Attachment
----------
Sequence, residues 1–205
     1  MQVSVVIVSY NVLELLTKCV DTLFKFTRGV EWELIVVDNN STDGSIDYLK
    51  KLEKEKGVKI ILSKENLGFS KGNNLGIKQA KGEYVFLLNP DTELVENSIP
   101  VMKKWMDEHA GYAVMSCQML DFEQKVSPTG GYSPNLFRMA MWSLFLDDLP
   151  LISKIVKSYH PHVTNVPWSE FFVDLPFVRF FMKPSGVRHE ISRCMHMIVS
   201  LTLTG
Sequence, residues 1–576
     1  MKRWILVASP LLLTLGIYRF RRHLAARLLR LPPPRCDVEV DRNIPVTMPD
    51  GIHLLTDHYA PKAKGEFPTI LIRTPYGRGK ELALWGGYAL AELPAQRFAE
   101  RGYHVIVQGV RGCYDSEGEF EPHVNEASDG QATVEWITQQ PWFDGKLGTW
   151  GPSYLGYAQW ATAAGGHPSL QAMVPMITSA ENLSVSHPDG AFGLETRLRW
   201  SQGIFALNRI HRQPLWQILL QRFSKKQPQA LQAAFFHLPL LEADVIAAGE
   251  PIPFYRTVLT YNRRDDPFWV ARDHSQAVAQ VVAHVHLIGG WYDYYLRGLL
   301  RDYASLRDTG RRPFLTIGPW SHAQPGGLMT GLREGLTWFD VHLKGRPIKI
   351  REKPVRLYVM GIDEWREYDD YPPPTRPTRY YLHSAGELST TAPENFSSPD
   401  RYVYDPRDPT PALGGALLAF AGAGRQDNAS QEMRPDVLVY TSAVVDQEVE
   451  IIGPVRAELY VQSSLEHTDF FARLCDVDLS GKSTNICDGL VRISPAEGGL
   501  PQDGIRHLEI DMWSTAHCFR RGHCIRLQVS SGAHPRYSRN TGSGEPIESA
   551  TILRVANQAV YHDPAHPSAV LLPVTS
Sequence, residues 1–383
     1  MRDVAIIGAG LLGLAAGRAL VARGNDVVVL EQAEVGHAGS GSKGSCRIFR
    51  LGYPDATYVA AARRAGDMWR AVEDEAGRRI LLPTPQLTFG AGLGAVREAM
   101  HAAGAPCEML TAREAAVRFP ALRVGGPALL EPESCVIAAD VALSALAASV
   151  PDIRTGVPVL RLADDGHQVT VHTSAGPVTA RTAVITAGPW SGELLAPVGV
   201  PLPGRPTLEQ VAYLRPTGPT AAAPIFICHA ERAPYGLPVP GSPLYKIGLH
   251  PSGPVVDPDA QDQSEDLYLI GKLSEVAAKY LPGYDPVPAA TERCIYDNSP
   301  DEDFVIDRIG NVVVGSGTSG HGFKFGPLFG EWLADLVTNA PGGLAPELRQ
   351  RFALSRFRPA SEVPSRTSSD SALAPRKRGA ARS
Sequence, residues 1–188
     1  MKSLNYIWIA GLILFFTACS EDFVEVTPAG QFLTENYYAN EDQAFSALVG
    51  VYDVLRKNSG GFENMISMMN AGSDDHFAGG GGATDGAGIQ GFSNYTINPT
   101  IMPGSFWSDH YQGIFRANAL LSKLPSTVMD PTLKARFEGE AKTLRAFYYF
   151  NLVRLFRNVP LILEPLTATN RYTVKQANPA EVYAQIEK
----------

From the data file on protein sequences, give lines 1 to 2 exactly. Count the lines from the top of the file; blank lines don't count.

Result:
Sequence, residues 1–205
     1  MQVSVVIVSY NVLELLTKCV DTLFKFTRGV EWELIVVDNN STDGSIDYLK